Egypt’s largest temple complex, Karnak was the Vatican of its day. Ten cathedrals could be stuffed inside the space, which covers more than 2 sq km and contains multiple temples, timeworn houses and a sacred pool for offerings and sacrifices. Some visitors never make it past the gargantuan Temple of Amun-Ra, the terrestrial ‘home’ of the king of the gods and father of the pharaoh, which sprouts with a forest of 10m-tall, hieroglyphic-covered columns (indeed, some might still be lost within this playground prime for playing hide-and-go-seek). But there’s plenty more to explore, though some areas are still being excavated.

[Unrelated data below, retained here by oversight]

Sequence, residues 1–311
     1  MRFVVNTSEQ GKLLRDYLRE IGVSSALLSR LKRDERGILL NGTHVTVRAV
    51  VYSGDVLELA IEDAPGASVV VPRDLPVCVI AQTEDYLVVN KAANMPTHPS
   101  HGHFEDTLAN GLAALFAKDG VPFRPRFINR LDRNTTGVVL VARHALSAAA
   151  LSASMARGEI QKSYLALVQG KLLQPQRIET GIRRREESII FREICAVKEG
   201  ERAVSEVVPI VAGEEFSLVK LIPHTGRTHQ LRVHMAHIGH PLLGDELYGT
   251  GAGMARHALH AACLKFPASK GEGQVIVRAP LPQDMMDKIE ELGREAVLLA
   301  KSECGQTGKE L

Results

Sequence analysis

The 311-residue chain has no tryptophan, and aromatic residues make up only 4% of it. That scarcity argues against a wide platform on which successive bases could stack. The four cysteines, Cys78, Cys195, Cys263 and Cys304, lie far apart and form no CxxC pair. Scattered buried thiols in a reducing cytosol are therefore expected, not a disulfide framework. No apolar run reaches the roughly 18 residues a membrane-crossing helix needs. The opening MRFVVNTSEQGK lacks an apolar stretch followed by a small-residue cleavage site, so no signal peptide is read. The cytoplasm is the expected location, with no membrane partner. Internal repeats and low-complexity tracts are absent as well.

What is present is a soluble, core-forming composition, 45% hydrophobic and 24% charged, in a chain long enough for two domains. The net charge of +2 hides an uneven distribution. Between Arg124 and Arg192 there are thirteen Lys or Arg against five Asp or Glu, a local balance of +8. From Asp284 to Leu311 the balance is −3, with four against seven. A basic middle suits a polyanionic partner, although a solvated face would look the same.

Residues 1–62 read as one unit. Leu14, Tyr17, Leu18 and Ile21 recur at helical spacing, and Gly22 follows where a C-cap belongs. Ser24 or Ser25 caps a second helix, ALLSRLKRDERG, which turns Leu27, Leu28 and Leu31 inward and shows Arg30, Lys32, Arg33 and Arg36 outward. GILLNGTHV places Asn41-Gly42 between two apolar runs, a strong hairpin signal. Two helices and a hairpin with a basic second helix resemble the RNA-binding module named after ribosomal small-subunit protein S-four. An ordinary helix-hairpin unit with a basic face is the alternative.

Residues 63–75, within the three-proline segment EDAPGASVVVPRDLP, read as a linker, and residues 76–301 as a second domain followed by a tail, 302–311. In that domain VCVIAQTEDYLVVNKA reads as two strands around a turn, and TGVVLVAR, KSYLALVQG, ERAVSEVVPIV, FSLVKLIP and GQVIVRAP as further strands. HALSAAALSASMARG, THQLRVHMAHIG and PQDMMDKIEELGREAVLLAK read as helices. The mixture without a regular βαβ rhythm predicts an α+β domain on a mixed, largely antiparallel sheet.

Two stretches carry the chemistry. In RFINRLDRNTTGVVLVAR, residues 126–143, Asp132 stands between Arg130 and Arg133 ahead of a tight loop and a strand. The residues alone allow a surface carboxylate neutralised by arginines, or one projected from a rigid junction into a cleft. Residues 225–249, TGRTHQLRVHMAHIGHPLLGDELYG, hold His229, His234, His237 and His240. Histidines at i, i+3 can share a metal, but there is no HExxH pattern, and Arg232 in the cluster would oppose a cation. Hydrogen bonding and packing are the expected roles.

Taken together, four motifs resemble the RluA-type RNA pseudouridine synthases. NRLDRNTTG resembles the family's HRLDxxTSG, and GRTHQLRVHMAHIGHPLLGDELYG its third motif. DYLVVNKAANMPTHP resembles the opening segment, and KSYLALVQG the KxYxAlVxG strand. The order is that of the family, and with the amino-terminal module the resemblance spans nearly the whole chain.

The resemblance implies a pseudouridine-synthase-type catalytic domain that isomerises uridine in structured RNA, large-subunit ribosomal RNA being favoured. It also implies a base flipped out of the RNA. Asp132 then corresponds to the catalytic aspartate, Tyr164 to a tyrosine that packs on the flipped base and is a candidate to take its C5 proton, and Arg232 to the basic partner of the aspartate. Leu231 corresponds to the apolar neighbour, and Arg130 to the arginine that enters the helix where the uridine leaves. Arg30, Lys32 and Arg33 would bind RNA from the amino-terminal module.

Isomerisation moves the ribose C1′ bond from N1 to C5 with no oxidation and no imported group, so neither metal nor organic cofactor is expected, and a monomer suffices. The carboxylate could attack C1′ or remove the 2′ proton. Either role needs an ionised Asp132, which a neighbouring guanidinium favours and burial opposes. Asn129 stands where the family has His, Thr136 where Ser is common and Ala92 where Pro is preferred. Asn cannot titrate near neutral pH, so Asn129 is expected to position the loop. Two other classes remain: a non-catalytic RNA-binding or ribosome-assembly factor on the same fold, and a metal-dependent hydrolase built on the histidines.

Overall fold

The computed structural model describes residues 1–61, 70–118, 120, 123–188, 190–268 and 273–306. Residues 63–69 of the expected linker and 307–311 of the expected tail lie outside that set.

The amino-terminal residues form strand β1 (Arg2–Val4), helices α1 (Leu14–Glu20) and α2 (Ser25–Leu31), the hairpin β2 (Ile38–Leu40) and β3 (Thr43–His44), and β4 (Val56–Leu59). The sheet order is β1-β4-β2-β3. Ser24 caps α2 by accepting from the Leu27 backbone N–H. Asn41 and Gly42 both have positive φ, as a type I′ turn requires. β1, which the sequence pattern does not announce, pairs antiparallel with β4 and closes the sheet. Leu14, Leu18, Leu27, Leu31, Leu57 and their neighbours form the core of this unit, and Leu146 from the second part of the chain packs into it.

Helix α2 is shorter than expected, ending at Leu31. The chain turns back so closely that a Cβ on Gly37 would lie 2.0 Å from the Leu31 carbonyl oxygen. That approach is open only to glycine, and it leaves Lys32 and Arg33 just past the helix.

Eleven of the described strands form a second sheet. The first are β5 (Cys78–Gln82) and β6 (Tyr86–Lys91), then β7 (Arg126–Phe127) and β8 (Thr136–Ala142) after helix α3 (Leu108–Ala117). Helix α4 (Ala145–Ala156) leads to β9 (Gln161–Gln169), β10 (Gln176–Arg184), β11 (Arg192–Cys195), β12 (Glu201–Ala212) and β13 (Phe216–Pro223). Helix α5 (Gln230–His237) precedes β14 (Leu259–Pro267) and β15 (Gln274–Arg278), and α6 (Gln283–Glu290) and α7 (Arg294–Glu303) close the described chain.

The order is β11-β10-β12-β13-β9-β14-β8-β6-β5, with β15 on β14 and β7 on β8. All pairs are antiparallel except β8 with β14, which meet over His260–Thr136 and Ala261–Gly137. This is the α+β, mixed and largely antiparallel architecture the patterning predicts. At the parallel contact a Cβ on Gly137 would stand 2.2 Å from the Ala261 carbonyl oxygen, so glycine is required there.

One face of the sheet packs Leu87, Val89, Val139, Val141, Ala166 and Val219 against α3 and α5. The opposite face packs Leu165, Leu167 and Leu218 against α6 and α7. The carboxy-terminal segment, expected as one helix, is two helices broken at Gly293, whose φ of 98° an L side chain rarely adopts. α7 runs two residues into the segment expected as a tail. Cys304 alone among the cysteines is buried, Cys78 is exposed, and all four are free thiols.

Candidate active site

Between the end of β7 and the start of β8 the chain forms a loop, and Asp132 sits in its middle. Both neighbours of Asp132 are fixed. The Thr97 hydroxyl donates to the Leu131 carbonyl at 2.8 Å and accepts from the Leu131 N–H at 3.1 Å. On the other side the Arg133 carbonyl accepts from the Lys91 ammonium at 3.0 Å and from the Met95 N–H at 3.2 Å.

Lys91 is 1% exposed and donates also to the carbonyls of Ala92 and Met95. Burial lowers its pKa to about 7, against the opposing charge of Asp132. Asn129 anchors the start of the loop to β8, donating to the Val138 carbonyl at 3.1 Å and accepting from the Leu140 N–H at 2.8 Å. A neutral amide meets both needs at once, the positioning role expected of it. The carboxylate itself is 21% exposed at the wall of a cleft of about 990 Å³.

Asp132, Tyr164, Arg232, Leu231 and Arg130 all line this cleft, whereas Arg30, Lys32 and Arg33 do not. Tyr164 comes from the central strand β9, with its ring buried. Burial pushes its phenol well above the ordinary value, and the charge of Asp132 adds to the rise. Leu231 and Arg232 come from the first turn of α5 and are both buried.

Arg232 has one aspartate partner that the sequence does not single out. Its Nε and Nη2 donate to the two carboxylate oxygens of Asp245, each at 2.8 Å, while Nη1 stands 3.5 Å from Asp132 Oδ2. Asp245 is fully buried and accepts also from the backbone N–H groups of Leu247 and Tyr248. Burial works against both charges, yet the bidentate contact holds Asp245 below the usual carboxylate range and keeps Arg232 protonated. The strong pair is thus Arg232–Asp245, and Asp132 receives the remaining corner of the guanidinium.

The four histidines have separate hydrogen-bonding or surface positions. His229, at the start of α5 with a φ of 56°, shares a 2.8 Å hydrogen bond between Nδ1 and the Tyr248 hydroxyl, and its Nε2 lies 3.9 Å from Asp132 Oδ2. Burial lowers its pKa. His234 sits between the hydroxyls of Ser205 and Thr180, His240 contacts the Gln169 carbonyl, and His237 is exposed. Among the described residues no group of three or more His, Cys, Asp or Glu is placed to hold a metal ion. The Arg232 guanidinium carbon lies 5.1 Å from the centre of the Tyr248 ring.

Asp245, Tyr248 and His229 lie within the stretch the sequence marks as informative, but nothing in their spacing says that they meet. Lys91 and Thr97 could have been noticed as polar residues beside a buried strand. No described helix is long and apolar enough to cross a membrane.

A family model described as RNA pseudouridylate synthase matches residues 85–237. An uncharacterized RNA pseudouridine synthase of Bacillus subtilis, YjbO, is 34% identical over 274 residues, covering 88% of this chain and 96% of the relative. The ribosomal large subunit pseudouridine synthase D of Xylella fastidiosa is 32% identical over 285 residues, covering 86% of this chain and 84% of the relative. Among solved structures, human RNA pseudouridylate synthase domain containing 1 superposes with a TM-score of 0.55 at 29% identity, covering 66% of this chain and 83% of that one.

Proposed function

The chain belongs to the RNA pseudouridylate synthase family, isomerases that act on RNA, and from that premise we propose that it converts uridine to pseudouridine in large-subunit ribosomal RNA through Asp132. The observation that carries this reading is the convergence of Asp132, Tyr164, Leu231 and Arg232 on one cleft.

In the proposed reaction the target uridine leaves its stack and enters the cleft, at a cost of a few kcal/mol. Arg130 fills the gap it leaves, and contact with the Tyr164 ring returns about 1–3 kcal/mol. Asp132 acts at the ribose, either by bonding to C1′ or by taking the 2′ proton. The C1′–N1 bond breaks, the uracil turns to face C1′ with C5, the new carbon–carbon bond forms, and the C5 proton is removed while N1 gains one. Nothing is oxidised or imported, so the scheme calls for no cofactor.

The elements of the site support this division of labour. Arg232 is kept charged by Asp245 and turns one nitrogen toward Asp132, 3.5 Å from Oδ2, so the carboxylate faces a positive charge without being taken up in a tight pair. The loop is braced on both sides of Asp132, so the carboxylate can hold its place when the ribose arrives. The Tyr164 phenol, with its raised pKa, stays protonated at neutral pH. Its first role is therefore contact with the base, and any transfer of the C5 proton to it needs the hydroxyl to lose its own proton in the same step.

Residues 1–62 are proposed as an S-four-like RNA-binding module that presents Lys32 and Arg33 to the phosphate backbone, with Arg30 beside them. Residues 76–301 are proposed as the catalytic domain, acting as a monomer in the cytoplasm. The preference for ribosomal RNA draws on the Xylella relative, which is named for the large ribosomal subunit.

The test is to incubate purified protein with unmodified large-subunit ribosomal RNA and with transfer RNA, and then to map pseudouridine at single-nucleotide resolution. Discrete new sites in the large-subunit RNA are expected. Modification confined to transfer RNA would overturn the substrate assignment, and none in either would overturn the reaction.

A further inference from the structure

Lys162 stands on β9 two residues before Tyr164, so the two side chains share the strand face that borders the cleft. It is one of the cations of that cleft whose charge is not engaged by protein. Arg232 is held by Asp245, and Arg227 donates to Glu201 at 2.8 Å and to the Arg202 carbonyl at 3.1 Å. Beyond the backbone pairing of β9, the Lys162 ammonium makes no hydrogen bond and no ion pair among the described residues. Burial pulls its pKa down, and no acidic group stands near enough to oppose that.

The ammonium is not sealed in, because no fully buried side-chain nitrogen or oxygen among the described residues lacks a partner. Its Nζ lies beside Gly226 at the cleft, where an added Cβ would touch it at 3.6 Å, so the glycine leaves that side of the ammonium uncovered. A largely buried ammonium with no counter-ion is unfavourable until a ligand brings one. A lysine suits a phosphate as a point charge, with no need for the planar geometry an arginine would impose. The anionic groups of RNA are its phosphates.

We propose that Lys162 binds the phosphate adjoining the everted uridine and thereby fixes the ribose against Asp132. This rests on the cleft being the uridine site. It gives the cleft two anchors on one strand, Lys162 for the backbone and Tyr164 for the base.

Karnak’s secret lies at its entrance, and it’s tempting to rush straight past the bland, undecorated walls to explore the treasures within. Over a span of 1500 years, Karnak was constructed, chopped, changed, razed and rebuilt by 30 pharaohs. The farther back you walk into the complex, the further back in time you travel, making the area that you first enter comparatively new. So new in fact, that construction was never completed, and the remnants of the mudbrick ramps that workers used to assemble this gateway still lie there waiting to be used millennia later.